Commentary on the Gospel of
Humanism, the idea of placing “prime importance on ‘human’ rather than ‘divine or supernatural’ matters,” on its own, has the world as its scope. It revolves around the human person’s affairs within the world and unable to go beyond. King Solomon excelled in the gift of wisdom he received from God, but unfortunately, he appears to run ‘a rat-race’, that is, not going beyond the hole! He asked God for the gift of wisdom to decipher between good and evil among his people; wisdom to administer justice to the people. This he did very well to the admiration of the international community, testified to by the Queen of Sheba. And furthermore, to please his fellow human beings, this time his wives, he erected altars for each of their own gods! Obviously, at this he went too far – all in attempt to the satisfy his fellow humans. And of course, in the process he lost his closeness to God. He lost his friendship with God, for his faith-expression went wanting! This is both a lesson and a challenge to us, that at bid to retain friendship or gain cheap popularity with fellow humans, we should not to lose sight of the ultimate goal, namely, our union with God.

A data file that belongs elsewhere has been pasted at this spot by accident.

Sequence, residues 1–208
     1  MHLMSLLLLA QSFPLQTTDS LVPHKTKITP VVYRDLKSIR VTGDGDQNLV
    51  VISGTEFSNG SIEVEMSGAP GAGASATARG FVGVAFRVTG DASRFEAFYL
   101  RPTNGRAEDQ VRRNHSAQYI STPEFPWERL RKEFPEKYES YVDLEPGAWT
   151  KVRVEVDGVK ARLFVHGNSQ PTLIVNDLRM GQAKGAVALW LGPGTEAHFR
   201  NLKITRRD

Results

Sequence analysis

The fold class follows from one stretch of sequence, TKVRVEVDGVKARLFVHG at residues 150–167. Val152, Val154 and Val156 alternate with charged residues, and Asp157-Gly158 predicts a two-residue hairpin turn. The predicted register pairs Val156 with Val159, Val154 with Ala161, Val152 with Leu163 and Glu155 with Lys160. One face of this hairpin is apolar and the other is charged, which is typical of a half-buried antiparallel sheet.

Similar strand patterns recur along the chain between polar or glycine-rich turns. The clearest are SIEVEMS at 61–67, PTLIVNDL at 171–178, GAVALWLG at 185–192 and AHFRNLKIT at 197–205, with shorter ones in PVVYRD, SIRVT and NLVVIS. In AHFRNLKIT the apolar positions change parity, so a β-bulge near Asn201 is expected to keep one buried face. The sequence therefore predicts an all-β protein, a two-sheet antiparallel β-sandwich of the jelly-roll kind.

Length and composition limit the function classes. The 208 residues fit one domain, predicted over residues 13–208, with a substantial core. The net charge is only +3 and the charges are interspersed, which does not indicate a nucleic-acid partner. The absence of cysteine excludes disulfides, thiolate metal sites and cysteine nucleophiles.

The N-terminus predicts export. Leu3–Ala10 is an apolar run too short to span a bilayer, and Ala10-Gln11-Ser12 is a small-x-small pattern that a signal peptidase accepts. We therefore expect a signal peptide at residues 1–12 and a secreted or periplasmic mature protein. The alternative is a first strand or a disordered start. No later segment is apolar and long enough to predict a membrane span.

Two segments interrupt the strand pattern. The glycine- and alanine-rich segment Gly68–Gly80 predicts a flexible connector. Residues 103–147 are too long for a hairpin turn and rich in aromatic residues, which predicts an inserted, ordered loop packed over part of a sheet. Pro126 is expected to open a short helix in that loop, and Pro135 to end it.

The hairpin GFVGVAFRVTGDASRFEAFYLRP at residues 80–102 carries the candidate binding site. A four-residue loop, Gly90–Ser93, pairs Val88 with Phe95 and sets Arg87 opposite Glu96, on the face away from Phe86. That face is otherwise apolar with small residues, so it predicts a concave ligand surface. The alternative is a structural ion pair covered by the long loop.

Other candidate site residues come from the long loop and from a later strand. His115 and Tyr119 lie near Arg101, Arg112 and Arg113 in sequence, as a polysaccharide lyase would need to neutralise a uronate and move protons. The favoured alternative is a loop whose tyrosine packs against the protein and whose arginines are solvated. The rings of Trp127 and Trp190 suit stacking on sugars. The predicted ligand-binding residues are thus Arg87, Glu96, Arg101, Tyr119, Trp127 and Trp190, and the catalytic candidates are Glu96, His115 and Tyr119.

Today’s Gospel message on the encounter between our Lord Jesus Christ and the woman whose daughter was possessed, invites us to the faith dimension (missed out by King Solomon) that ought to crown our humanistic acts. Our charity ought to enhance one’s salvific journey. Our call to share with others is not meant to be earth-bound. It is rather an expression that furthers our reunion with God. And this marks the big difference between philanthropic acts and charitable deeds. We come closest to God when we share in His love through our charity.